Many a homeowner would love to step out into their backyard to enjoy a pond, with the relaxing aura it can provide. The steps of adding a backyard pond often times seem too difficult for homeowners. However, that’s not the case. An old tractor tire comes in handy when creating this garden decoration and water feature.
I’ve tried hard to come up with things that people can do for their ponds that get them the most bang for their buck, simple tasks that can be done in just a few minutes of spare time or, at most, less than a full afternoon, with big yields in terms of overall pond health.
The bubbles rising from your aerator not only circulate the water, but also break up the surface tension as they break the surface. This has a few beneficial effects. First, it prevents some water-walking insects from taking advantage of your pond. The most important of these, of course, is mosquitos, which can otherwise use your pond to lay eggs.
…when your water does ice over, you definitely don’t want to break it by hitting the ice. Here’s why: Water is extremely resistant to mechanical compression. When you push on water, it doesn’t squeeze down, but moves and transmits that force to somewhere else, pushing against whatever is containing it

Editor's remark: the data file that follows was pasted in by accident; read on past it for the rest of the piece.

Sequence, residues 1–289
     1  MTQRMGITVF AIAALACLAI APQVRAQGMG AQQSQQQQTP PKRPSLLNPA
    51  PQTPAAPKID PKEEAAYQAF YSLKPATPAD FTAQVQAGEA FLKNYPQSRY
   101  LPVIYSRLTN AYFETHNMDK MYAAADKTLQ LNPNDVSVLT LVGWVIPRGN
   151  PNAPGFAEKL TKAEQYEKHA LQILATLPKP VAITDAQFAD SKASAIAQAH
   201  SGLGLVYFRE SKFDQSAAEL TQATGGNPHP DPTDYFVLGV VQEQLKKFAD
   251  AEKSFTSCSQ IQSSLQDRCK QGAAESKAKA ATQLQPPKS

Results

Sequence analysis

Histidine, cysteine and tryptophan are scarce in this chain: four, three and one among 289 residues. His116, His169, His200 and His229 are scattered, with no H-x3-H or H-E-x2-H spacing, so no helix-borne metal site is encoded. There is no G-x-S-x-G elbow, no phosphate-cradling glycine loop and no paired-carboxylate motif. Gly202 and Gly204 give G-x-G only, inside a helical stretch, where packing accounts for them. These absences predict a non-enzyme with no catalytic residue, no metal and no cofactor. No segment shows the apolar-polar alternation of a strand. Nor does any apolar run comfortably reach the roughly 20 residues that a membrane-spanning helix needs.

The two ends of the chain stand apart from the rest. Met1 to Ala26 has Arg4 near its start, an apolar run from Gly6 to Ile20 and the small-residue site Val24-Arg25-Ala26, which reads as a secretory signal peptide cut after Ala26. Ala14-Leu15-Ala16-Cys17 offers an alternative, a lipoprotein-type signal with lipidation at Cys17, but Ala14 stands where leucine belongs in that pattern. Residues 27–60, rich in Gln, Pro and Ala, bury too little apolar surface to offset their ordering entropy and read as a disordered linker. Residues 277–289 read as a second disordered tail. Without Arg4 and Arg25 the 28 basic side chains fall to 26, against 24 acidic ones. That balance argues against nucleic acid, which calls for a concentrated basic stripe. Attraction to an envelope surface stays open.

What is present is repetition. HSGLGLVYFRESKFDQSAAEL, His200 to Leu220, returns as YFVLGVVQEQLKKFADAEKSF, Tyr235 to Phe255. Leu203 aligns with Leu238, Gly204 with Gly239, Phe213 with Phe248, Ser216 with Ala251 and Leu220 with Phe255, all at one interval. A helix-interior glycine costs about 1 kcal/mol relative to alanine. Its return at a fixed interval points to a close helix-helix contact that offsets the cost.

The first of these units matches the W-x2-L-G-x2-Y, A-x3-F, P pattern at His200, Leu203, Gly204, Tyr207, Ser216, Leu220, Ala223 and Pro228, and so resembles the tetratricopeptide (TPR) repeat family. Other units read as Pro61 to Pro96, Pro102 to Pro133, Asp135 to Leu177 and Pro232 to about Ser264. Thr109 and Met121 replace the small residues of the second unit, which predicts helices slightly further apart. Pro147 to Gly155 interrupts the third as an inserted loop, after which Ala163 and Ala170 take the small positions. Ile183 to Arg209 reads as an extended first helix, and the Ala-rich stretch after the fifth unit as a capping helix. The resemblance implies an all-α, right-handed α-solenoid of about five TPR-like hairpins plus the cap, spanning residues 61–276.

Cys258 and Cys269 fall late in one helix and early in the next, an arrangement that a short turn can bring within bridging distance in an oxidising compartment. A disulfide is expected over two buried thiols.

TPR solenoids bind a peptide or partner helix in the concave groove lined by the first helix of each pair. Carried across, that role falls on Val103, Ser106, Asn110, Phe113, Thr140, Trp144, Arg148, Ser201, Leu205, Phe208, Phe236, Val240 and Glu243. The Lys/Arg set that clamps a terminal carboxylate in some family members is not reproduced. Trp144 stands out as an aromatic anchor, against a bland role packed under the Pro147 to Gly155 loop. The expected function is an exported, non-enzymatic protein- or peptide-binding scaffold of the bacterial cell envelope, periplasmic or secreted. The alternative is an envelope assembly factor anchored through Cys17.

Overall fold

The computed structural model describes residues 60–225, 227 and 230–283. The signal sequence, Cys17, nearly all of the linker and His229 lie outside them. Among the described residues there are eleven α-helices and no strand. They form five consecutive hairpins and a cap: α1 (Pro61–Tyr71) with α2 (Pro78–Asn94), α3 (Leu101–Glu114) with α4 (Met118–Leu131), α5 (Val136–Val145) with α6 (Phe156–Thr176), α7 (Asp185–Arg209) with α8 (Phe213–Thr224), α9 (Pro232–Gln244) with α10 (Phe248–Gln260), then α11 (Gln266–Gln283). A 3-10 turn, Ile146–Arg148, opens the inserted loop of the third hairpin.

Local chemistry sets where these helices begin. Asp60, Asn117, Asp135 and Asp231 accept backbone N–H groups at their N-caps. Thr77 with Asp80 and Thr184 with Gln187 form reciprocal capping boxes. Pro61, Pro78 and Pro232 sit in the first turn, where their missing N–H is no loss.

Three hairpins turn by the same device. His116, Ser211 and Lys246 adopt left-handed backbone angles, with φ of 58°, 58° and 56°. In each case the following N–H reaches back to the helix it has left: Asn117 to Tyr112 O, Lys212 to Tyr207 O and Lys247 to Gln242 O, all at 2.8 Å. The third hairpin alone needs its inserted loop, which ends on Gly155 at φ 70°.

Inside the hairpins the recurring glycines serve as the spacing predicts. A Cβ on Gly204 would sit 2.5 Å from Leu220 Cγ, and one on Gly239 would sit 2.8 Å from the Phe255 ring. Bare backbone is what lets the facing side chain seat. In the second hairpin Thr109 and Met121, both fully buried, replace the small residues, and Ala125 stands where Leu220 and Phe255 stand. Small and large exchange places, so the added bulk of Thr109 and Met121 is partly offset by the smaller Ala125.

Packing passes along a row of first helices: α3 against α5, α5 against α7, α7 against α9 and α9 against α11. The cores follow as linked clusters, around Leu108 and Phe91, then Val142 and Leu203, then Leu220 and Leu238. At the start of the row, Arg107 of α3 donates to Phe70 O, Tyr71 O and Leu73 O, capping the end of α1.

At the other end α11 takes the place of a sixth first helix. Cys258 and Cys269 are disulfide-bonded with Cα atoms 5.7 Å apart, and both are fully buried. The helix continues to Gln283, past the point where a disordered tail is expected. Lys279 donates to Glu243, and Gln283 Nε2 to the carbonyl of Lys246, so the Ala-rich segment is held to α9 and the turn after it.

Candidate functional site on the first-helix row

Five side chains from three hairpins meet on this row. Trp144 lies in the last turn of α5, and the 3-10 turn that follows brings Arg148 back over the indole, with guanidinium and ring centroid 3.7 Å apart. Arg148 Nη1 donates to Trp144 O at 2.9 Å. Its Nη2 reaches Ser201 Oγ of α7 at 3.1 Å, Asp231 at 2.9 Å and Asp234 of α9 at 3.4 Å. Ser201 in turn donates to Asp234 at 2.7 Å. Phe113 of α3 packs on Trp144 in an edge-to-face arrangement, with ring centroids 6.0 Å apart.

Even in winter, partial water changes can help to provide healthier, less polluted water for your be-finned friends. Do this very carefully, though, changing water much less aggressively than you would in warmer times. Slower winter metabolisms potentially means that your pond recovers from water changes less quickly.
Pond fish are cold-blooded, so their metabolisms are heavily affected by weather. As the water around them gets colder, their metabolisms slow more and more. Fortunately, we can deal with this slowdown fairly easily by changing what and how often we feed them.